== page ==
But as we admire the work being done to improve the reliability of the transportation system, we must remember how integral air quality is to our future mobility.

Much of North Texas is in serious nonattainment for ozone, meaning our air isn’t clean enough to comply with federal ozone standards. We have been working diligently as a region for years to improve our air so our children and grandchildren can breathe easier. Yet, we are still falling short of attainment.

Photo: Be Air Aware with Air North Texas



For years, NCTCOG has relied on programs and partnerships with the public and private sectors to help in this effort. allows commuters to log their alternatives to driving alone and find neighbors to share rides with.

The AirCheckTexas Drive a Clean Machine Program provides vouchers for qualifying motorists who need help replacing or repairing their cars. AirCheckTexas has led to the replacement of more than 25,000 cars and trucks and the repair of more than 25,000.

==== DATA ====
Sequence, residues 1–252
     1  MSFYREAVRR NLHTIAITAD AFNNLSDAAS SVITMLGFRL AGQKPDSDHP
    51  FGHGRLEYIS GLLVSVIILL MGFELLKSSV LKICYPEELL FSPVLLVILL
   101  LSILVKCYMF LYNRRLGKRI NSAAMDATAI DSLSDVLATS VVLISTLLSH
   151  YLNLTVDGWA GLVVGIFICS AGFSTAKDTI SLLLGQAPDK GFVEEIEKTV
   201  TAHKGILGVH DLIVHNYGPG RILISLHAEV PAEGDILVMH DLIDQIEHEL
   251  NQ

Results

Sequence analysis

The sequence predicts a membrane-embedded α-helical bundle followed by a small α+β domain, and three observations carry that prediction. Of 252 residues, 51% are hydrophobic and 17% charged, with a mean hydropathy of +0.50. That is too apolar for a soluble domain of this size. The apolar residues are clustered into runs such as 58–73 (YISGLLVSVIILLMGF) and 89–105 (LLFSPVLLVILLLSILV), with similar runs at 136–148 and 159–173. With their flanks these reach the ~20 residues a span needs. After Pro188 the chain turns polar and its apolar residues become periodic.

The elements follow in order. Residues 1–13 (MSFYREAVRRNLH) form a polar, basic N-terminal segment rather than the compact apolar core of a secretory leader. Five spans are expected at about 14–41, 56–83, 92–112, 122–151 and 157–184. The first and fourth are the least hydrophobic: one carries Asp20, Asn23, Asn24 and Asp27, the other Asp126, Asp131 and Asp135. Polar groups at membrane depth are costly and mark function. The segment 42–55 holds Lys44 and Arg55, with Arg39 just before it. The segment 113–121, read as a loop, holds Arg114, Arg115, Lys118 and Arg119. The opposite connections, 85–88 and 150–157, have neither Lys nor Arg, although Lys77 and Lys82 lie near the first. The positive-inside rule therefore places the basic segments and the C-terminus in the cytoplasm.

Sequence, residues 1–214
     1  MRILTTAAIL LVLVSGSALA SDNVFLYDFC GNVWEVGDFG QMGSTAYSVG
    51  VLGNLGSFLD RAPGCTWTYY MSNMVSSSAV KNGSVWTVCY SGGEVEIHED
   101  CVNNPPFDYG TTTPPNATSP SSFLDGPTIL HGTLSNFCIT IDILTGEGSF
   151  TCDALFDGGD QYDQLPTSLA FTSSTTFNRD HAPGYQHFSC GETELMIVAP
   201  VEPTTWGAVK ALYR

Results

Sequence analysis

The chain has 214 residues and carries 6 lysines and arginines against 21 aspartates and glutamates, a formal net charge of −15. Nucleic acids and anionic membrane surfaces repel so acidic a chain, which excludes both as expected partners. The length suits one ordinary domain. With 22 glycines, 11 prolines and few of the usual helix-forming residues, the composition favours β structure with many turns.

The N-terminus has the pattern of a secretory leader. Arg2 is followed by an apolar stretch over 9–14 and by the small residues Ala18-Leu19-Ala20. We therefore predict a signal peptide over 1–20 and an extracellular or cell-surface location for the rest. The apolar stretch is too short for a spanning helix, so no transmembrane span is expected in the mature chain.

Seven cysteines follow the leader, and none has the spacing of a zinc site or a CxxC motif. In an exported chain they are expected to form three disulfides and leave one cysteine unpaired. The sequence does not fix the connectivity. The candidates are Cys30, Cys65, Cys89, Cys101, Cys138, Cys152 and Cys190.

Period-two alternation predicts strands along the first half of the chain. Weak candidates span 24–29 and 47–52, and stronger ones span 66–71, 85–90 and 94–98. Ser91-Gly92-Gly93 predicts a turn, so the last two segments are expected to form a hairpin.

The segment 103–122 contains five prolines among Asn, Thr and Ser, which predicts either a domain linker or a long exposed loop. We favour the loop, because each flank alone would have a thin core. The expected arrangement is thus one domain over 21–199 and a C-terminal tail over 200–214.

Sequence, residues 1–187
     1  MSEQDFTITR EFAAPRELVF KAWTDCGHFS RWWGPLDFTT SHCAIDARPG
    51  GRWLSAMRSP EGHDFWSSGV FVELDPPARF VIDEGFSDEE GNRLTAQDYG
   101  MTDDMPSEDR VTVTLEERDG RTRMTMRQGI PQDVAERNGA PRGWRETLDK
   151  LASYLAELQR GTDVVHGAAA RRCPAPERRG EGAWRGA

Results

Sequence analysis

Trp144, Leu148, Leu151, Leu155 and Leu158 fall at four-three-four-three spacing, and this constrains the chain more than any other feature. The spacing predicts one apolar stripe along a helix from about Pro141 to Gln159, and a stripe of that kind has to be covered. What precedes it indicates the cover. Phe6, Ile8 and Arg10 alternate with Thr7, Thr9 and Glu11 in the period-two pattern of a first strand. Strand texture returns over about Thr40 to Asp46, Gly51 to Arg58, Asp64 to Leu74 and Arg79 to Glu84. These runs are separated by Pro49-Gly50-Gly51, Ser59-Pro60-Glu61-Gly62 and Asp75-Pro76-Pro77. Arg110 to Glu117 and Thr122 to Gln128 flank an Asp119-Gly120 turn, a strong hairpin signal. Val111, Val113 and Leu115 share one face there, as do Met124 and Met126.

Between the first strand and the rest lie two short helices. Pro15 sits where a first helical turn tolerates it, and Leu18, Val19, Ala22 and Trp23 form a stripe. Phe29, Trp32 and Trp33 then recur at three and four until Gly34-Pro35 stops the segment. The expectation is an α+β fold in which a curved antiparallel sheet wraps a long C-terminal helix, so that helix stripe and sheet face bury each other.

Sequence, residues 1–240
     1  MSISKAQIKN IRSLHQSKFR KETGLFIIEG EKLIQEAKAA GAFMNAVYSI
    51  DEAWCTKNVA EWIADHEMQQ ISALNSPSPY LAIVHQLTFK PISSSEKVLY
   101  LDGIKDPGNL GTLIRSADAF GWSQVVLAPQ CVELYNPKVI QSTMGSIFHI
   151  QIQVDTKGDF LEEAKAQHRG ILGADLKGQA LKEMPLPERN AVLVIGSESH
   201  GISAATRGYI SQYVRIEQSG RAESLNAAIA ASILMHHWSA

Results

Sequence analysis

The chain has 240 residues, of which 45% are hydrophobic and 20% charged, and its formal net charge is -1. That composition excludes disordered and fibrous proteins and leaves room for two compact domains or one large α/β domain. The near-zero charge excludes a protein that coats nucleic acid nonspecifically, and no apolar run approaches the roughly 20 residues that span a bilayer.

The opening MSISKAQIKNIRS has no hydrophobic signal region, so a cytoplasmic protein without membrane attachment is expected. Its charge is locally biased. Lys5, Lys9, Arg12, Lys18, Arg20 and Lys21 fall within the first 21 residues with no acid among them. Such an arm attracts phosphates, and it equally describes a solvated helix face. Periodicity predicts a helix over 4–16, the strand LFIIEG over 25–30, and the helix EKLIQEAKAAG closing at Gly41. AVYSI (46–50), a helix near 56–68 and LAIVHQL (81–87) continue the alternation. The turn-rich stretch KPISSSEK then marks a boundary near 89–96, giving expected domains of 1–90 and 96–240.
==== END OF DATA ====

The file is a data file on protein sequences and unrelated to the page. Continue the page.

Air North Texas is the campaign promoting a consistent message and motivating residents to take simple steps to improve the air we breathe. We rely on Air North Texas to tie everything together.

We want to empower individuals and businesses to take ownership of our air quality and the steps necessary to correct our ozone problem.

After years of steadily getting closer to meeting attainment, we took a step back in 2011, thanks in part to the record heat we remember all too well. We are refocusing our Air North Texas campaign in an effort to meet our attainment goal soon so we can ensure the transportation progress you see every day continues.